My family’s old dog was a tough act to follow. Loki was a gentle, distinguished dog with impeccable manners and a wholehearted love of people. My parents knew soon after his death that they would want another pet, but they also knew it might take a long time to find a dog with comparable character.
The rescue organization they’d gotten Loki from, Doberman Rescue Unlimited, told them they’d be on the lookout for a dog who might suit. Some months later, they got the call.
“Andy” was not a prepossessing sight on first meeting. A lanky, gangly dog just barely out of puppyhood, he’d been picked up wandering the streets in Boston. He was terrified of other dogs, loud noises, swearing, and trucks. Despite his apparent bad history and perpetually nervous disposition, he was thoroughly convinced that humans were his pals.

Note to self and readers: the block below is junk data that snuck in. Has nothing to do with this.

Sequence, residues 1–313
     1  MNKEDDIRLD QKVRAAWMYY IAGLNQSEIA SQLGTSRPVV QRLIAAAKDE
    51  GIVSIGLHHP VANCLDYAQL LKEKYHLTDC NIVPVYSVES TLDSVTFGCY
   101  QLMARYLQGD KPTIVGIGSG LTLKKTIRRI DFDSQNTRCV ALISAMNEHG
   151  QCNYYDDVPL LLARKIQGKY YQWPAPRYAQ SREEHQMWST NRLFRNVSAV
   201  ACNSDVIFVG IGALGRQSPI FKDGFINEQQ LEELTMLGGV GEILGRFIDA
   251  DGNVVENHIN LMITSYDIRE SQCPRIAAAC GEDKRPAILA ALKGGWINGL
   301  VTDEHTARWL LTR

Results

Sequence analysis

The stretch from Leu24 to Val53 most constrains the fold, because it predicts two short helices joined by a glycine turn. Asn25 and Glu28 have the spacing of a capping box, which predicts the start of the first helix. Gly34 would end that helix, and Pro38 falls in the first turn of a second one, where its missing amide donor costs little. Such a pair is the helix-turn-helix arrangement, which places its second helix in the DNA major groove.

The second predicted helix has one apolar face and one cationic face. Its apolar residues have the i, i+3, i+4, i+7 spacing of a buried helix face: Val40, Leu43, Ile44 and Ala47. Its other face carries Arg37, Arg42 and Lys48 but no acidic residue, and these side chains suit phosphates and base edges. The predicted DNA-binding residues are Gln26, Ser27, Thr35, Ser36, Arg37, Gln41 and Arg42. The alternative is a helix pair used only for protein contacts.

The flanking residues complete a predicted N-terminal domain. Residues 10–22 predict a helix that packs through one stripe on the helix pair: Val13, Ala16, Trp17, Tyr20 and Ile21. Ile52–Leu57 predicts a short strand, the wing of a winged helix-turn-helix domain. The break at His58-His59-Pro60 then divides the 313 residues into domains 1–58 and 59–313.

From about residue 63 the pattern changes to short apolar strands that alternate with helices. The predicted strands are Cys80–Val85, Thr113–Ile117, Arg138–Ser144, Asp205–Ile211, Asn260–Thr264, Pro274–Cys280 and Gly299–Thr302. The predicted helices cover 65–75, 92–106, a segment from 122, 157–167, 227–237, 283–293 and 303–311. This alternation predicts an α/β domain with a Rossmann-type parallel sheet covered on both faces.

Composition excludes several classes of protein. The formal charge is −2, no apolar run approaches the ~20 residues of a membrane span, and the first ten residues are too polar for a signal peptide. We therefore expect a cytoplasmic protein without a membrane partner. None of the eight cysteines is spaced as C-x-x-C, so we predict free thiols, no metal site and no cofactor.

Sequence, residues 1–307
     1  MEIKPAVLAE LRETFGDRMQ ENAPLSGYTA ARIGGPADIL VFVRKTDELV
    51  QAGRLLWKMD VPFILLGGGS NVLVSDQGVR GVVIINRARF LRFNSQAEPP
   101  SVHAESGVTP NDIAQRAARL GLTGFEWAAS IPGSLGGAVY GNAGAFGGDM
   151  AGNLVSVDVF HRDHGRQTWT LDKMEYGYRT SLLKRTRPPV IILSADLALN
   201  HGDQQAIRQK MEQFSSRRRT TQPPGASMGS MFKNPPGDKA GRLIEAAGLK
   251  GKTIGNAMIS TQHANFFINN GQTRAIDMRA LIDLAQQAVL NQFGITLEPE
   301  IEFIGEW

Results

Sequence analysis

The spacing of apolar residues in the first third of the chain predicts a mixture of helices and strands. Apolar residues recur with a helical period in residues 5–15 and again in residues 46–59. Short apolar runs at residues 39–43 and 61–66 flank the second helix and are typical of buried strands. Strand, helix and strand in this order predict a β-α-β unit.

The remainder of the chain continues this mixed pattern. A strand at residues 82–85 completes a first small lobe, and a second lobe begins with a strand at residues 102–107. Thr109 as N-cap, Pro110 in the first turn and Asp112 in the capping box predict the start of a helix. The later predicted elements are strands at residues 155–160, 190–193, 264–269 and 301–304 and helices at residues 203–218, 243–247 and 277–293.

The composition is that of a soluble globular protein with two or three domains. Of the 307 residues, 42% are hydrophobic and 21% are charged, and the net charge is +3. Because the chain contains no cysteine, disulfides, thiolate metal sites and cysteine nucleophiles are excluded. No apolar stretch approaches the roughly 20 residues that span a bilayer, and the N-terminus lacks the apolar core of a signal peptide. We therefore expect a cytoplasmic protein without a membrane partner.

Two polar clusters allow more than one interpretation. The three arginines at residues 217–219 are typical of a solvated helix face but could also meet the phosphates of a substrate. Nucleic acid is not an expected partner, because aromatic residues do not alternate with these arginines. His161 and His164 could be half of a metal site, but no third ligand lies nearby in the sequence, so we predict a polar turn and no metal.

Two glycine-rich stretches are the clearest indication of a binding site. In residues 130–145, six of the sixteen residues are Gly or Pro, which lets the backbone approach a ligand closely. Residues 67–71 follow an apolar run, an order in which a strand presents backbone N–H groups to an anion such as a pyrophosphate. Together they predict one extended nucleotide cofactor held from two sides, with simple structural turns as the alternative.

Despite some initial misgivings, my parents took him home. On the drive back, he puked a couple of times and spent the rest of the trip trying to climb into the front seat. It was not what you’d call a promising start.
My parents promptly renamed him Ivan and decided to give him the chance. As Ivan grew used to the home and his personality became more evident, he acquired numerous epithets.
Ivan the Needy. Ivan the Insecure. Ivan the Unctuous. Ivan the Unclean. Ivan the Flatulent. Occasionally, Ivan the Terrible.
Gradually, he lost the fear of trucks and swearing, and while he wasn’t exactly comfortable with other dogs, he no longer found them terrifying. He went on bike rides with my father every morning and walks on the weekend. He did his best to become a lapdog, despite weighing close to 100 lbs.
Nowadays, Ivan the Terrible is more or less a heroic epithet.
About the Author: Tristan lives in New England with his family, dog and two birds. He enjoys creating small fish tank ecosystems and building robots.
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